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Ferdinand Hiller (1811-1885)
Piano Concerto No 1 in f minor, Op 5 (1829-1831) [24:22]
Piano Concerto No 2 in f sharp minor, Op 69 (1843) [19:55]
Piano Concerto No 3 in A flat major ĎConcerto espressivoí, Op 170 (1874) [31:39]
Tasmanian Symphony Orchestra/Howard Shelley (piano)
rec. Concert Hall, Hobart, Tasmania, 14-17 May 2007.† DDD.
The Romantic Piano Concerto, Vol. 45
HYPERION CDA 67655 [76:20]
Experience Classicsonline

Iím straying here onto territory normally occupied by colleagues who are both more in love with and more knowledgeable than myself about the Romantic Piano Concerto.† Normally I find myself reviewing Hyperion recordings of medieval, renaissance and baroque repertoire or one of their CDs of 20th-century English music, in all of which areas they excel.† Iím taking up the challenge of a reader who asks why we havenít reviewed this volume in their equally acclaimed concerto series.

If we had a review copy, one of my colleagues must have misplaced it so, for speed, I downloaded the recording from iTunes.† You may be wondering if a download can do justice to the recording, so let me say at once that now that iTunes have upgraded all their recordings to 256kbps they represent a much fairer approximation of the original.† 320k would be better still Ė thatís the base level now for classicsonline, theclassicalshop and passionato; the last two also offer even better lossless recordings, as classicsonline will also be doing soon Ė but I found this download more than acceptable.

Hillerís music hasnít had much of an outing on record: the first and third concertos here receive their first recordings and I donít think thereís even a current rival recording of the second.† Iíd previously only heard his Op.113 KonzertstŁck, on a Vox CD primarily devoted to Henseltís Piano Concerto in f (now part of a 2-CD set, CDX5064), a decent performance of an attractive work but not one that made me think to explore his other compositions.† The second concerto has been recorded before and thereís even a 2-piano reduction of the score available free online Ė follow link.

Hiller was a member of the Berlioz-Liszt-Chopin circle, a friend of Mendelssohn until they fell out over Hillerís appointment as conductor of the Leipzig Gewandhaus Orchestra, a friend of the Schumanns and a supporter of Wagnerís music.† Famous in his own time but forgotten within 20 years of his death, he merits only a short entry in the current Oxford Companion to Music, which mentions only one of his works, the opera Die Katakomben, dismissed as Ďan overambitious attempt at German grand operaí.† The Shorter Grove contains an even briefer entry, which refers to the solo piano works which are still in the teaching repertory, making them sound like Czernyís Studies, but with nary a mention of the concertos.

Iím not going to claim that Howard Shelley and Hyperion have rediscovered a neglected genius, but I am grateful to our reader for directing me towards this recording.† I wouldnít quite call it Ďreally marvellousí as s/he does Ė there are too many moments of mere romantic posturing for that Ė but the second concerto in particular is very well worth hearing on those occasions when one doesnít want to be too severely challenged.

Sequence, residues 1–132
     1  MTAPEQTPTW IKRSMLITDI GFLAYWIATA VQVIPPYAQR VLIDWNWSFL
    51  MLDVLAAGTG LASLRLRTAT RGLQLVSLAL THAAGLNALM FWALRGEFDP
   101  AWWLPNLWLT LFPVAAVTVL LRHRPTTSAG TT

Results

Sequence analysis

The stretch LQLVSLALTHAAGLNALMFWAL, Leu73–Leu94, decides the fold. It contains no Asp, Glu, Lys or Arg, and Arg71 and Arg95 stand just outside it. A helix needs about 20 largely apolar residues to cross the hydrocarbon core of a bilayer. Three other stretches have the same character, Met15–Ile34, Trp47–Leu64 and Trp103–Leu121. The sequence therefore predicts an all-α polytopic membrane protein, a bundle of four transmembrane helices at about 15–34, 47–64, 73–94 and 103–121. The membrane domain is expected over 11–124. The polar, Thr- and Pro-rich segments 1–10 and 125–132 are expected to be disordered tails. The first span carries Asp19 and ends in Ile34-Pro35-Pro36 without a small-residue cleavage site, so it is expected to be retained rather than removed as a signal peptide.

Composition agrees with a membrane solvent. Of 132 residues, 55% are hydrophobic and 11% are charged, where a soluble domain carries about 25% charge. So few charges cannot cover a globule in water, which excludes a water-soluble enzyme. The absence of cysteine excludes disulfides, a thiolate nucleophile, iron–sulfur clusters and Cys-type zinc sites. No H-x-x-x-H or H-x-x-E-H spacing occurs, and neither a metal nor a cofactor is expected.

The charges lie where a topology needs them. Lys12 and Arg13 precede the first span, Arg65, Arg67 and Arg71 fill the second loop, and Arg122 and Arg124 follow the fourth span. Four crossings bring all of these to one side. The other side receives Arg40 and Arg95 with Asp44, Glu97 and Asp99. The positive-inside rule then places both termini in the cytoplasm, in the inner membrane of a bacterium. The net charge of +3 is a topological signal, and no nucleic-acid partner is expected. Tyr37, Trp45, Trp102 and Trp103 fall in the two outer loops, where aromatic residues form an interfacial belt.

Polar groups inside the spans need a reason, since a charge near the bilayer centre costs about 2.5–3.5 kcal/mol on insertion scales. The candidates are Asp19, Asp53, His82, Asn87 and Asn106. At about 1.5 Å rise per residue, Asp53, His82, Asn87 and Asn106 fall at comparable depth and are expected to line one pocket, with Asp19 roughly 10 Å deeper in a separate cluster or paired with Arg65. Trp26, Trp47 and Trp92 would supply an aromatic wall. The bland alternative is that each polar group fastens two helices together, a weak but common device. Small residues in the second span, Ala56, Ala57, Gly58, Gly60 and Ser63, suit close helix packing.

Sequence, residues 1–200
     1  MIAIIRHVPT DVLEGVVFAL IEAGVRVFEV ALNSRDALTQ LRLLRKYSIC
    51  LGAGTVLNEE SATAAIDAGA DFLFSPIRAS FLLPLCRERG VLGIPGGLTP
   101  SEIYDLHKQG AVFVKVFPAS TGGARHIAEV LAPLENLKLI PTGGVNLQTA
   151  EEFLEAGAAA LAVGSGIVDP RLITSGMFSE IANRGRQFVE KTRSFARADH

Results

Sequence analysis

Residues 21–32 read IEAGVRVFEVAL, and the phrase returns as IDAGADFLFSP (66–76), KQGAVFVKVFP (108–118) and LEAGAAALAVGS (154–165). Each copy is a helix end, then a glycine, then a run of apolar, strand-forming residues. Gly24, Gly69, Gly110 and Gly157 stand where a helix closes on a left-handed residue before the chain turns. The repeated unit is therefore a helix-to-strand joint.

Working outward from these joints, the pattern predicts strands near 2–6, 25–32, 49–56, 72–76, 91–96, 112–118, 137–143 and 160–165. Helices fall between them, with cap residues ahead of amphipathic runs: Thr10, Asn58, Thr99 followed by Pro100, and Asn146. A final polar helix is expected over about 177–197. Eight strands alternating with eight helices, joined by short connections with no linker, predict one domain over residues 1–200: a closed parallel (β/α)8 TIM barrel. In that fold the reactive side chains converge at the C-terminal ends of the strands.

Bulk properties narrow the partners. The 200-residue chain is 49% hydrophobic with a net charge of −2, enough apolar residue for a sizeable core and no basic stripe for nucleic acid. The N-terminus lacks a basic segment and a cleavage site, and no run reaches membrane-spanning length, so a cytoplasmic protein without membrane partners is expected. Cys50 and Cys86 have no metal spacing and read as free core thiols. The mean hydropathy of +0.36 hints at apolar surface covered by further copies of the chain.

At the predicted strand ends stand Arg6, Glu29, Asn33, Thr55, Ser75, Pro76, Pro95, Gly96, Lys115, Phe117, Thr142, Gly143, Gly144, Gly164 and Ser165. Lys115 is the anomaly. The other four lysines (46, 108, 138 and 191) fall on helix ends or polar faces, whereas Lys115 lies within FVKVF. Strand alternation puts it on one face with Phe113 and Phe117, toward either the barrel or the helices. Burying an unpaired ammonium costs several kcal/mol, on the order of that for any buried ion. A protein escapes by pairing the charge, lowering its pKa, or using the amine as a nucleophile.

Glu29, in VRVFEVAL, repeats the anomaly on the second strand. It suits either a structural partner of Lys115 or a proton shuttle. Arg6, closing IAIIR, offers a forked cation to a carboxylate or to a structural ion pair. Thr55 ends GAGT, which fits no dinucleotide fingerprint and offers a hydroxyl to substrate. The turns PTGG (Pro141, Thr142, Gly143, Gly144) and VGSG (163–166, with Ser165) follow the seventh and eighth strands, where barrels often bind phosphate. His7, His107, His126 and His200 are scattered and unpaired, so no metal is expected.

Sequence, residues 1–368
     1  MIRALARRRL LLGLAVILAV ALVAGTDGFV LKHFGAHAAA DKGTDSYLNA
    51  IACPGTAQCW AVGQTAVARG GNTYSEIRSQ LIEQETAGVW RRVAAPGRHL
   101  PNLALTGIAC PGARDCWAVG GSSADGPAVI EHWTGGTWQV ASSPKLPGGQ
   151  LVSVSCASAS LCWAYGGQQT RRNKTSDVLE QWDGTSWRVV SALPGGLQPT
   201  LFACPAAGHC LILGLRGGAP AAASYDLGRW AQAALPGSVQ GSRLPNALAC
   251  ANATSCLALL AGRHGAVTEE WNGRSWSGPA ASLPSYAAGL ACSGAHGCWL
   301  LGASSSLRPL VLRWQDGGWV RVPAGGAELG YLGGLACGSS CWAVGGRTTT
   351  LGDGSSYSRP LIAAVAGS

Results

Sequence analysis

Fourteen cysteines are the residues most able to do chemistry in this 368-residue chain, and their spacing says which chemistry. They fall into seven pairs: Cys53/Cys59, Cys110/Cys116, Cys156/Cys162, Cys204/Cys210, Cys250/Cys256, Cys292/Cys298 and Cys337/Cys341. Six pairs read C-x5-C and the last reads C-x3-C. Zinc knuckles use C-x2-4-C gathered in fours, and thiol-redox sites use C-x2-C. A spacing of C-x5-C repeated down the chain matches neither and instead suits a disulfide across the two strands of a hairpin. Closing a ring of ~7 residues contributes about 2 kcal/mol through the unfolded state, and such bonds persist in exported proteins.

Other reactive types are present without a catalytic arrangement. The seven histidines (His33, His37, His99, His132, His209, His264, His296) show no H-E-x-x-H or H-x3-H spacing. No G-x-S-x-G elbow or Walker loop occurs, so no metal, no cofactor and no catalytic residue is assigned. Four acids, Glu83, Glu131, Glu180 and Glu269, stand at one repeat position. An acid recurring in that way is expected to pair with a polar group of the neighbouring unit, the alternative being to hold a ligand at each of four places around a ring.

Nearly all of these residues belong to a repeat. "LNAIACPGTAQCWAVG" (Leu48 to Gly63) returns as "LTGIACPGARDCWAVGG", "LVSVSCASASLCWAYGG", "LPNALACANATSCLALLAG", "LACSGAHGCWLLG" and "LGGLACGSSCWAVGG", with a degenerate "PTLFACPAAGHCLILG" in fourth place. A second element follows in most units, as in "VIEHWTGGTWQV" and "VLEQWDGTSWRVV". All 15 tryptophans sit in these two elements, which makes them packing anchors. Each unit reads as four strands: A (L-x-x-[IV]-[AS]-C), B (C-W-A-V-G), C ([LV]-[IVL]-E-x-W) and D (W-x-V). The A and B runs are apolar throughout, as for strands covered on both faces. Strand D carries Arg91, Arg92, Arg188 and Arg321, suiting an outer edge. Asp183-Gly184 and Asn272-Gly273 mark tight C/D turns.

In fact, Ďposturingí is not really the right word Ė thereís plenty of bravura but also moments of great delicacy, both of which are very ably presented by Howard Shelley, here both in the solo role and directing the Tasmanian Symphony Orchestra.† Iíve already praised his Ďtechnical virtuosity and delicacy of touchí in his performances of the Mendelssohn Piano Concertos for Chandos (CHAN2025, An Introduction to Mendelssohn Ė see review); if anything, those qualities are even more in evidence here.

If I say that thereís more of Chopin than of Liszt in these concertos, that isnít meant to imply that Hillerís music is derivative or imitative, merely to indicate the kind of music that it is.† The first concerto was, in fact, composed in Paris at the same time as Chopinís two concertos, so there is bound to be some commonality.† Hillerís second concerto, which followed over a decade later, shows much more originality and the third, three decades later, even more.† I often like to turn on Radio 3 and guess the composer; Iíd be hard put to play the game with any of Hillerís concertos.† There are moments in the second and third concertos where I might have guessed Mendelssohn.† Though he had been a pupil of Hummel, I donít hear anything of Hummel in Hillerís music.† Nor is it much like the Schumann Piano Concerto, though Hiller was the dedicatee of that work.

This is not, then, the music of a Chopin, a Liszt, a Mendelssohn or a Schumann, but it is that of a highly talented composer.† Iím pleased to have got to know these concertos and Iím sure that the performances are unlikely to be bettered.† Shelley is very ably supported by his Tasmanian orchestra and the recording is very good.† Hyperionís notes are of the usual high standard and the booklet is attractively presented Ė it can be downloaded and printed out from their website; iTunes, of course, offer no notes.

Despite my reservations, which I hope I havenít over-emphasised, I played the CD straight through again for enjoyment immediately after listening for the purpose of making notes.† I think itís that second concerto that Iíll be returning to with the greatest pleasure; with the piano entering from the very start, itís not exactly revolutionary Ė Beethoven had already done that Ė but it makes an unconventional and effective opening to an attractive work, which grew on me more every time I heard it.
Brian Wilson


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